“Farmers worried that they may not be able to supply contracted tonnage from the drought-stricken 2011 crop are urged to contact their buyers and negotiate an early solution”. 'Drought-hit farms urged to keep buyers informed', Farmers Weekly, 20 May 2011, Vol 155 (21), p27
“Most irrigators are working flat out, often just to keep pace with potatoes, onions and other high value crops. Any spare water can be applied to sugar beet or even wheat, which will pay off with increased yields”. 'Arable: Irrigating wheat and sugar beet will pay off', Farmers Guardian, 27 May 2011, p15
Grass shortages across the country in 2010, especially in the north, south and east, posed massive challenges to farmers. Livestock farmers across the country reported significant forage shortages as a result of a lack of rain, with reductions in silage yields of up to 40% compared to the previous year and hay crops down by as much as 50%. Livestock farmers faced high feed costs. In 2011, spring growth in the Midlands and the South was well down and in some places virtually non-existent, in contrast to Scotland and the North of England where plenty of rainfall led to good growth.
In May 2011, the Environment Agency stopped farmers in the West Midlands abstracting water from rivers due to low flows and so water reserves within on-farm reservoirs were going down fairly quickly. Farmers in the South East received a notice to cease their abstraction, and some voluntary restrictions were in place in the East of England. In summer 2011, farmers with winter storage reservoirs that were running very low because of the dry winter were allowed to apply for permission to top them up. In February 2012, farmers were facing restrictions on abstracting from rivers to irrigate crops, and households faced hosepipe bans. Voluntary restrictions were started again in March 2012 in some areas of the East of England. And soon after, it started raining…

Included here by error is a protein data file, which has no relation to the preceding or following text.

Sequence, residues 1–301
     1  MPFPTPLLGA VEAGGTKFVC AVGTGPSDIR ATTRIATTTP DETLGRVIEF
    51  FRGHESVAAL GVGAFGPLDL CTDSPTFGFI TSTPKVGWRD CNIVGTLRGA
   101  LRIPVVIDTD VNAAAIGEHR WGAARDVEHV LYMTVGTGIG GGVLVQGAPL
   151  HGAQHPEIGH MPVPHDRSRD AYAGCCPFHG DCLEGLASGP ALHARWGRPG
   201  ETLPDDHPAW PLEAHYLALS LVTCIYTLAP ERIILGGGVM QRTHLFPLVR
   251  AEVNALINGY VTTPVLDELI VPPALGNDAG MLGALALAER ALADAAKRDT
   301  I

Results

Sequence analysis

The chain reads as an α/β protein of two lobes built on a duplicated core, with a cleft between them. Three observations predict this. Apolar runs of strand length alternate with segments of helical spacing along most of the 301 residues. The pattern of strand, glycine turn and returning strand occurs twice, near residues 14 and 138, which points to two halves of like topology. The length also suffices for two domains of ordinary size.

The newspapers frequently mentioned that dry weather conditions affected the water levels of rivers and reservoirs and the tabloids specifically mentioned the negative impact of the drought on wildlife and plants/gardens. There were also frequent mentions of the introduction of hosepipe bans and applications for drought permits, usually related to places in England. Scotland’s water resources were also cited since Scotland could provide water to drought-hit England.